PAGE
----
After the French Open controversy, Naomi Osaka praises Novak Djokovic and Meghan Markle for their support.


After the French Open controversy, Naomi Osaka praises Novak Djokovic and Meghan Markle for their support.

After withdrawing from the French Open due to mental health difficulties, NAOMI OSAKA thanked Mehgan Markle and Novak Djokovic for their support.

And the Japanese star is now demanding for tennis players to be allowed to take unpaid “sick days” from their press obligations. Before the claycourt Major, the four-time Grand Slam winner announced that she will not be holding press conferences following her matches.

Before withdrawing, she was penalized and threatened with expulsion from the event, claiming she had been depressed since 2018.

“I want to thank everyone who supported me,” the 23-year-old wrote in an essay for TIME magazine before her debut in the Tokyo Olympics.

“Too many to mention, but I’d want to start with my family and friends, who have been incredible.

“Nothing is more vital than those connections. I’d also like to express my gratitude to individuals in the public eye who have offered their support, encouragement, and good words. To mention a few, Michelle Obama, Michael Phelps, Steph Curry, Novak Djokovic, and Meghan Markle.

“Michael Phelps said I may have saved a life by speaking up. If that’s the case, everything was worth it.”

Osaka echoed the Duchess of Sussex’s words when writing on mental health difficulties.

She added, “I felt under a lot of pressure to reveal my symptoms—frankly because the press and the tournament didn’t believe me.”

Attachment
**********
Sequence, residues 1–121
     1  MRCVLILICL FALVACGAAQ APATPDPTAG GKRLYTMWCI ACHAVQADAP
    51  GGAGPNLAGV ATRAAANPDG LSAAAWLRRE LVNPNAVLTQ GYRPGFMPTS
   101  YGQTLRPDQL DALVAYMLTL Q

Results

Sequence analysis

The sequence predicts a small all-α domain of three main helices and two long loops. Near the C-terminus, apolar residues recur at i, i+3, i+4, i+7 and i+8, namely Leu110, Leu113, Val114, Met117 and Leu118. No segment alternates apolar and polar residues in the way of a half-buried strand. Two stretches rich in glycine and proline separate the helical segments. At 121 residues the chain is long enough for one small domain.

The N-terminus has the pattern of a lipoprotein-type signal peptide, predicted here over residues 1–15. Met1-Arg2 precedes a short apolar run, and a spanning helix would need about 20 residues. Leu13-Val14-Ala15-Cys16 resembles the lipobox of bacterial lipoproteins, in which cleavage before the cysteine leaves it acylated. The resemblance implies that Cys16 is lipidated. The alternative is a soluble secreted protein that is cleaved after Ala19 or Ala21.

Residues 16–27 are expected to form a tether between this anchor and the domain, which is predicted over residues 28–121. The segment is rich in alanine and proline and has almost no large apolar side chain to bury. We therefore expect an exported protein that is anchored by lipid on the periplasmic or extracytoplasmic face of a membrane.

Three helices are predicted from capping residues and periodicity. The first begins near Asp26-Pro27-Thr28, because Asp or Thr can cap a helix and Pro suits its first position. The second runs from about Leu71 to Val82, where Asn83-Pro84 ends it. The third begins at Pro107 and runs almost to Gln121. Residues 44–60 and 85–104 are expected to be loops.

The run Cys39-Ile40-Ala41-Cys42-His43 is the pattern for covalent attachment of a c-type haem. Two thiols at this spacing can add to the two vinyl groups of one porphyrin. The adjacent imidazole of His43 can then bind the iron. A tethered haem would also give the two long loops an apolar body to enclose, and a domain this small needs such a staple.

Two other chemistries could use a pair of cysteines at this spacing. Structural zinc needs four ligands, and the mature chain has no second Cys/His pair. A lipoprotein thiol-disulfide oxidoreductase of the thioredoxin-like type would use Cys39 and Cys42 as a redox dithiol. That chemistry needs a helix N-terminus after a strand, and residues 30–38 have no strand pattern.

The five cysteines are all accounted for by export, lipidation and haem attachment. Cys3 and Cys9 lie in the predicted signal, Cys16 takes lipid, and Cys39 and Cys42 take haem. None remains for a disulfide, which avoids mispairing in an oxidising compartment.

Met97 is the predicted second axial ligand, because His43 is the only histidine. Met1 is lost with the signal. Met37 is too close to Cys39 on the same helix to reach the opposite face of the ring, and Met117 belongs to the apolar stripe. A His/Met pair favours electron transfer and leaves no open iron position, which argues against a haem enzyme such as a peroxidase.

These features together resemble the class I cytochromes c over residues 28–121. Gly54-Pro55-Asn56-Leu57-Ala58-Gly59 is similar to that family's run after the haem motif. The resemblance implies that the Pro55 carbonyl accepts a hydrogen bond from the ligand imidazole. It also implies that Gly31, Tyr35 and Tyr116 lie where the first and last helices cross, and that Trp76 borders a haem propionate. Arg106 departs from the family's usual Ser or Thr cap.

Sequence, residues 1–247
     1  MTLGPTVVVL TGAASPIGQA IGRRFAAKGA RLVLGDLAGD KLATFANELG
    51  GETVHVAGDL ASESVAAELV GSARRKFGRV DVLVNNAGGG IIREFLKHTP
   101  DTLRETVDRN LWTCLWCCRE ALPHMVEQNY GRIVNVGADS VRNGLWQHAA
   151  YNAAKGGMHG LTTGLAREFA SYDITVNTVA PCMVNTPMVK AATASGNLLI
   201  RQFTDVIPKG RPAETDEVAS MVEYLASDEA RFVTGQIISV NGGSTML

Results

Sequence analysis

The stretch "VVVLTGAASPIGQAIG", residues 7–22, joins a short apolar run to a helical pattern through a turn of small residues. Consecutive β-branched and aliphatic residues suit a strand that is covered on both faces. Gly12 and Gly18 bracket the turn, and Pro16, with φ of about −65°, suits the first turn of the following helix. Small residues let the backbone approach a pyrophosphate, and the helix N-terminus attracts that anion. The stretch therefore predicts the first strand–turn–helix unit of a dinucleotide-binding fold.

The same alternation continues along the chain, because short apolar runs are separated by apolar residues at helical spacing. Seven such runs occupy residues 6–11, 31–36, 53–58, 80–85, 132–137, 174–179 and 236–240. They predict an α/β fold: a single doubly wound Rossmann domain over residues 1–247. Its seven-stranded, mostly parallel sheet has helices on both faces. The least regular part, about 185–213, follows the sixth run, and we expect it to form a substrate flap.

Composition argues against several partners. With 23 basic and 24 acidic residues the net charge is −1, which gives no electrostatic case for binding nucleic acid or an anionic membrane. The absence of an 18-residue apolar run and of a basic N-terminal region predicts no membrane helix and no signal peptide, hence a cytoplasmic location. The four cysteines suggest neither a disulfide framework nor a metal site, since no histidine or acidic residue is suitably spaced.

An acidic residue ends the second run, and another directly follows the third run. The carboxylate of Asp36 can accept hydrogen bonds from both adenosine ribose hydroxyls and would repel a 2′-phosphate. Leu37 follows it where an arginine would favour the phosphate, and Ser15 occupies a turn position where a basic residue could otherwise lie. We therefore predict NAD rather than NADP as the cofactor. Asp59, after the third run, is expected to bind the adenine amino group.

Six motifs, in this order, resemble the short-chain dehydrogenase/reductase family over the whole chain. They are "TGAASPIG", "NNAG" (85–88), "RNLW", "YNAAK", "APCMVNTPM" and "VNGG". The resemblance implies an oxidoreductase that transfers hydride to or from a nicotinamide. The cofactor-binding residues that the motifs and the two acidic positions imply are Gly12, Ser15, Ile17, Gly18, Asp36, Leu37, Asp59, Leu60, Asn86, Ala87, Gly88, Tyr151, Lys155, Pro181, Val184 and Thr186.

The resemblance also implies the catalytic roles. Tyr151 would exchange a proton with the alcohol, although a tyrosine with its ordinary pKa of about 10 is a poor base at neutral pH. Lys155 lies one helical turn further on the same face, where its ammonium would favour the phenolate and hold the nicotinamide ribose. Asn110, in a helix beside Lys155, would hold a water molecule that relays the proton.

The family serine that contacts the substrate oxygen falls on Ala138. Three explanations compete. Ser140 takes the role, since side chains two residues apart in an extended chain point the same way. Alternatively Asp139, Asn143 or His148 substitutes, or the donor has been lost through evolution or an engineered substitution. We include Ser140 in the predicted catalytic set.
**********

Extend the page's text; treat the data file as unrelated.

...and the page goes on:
“I also don’t want to be subjected to a re-examination of my personal medical history.

“So I urge the press for some privacy and empathy the next time we meet. I do hope people can empathize and understand it’s okay to not be okay; and it’s okay to talk about it.”

Osaka also withdrew from Wimbledon, but she intends to return to the WTA Tour after the Olympics and is seeking reforms.

“Perhaps we could allow athletes to take a mental break from public monitoring on a rare occasion without facing severe consequences,” she proposed.

“In any other field of employment, you’d be forgiven for taking a day off now and then as long as it wasn’t a regular occurrence. You wouldn’t have to tell your boss about your most personal symptoms because HR policies would almost certainly preserve your privacy.

“It’s possible.” Brinkwire Summary News.


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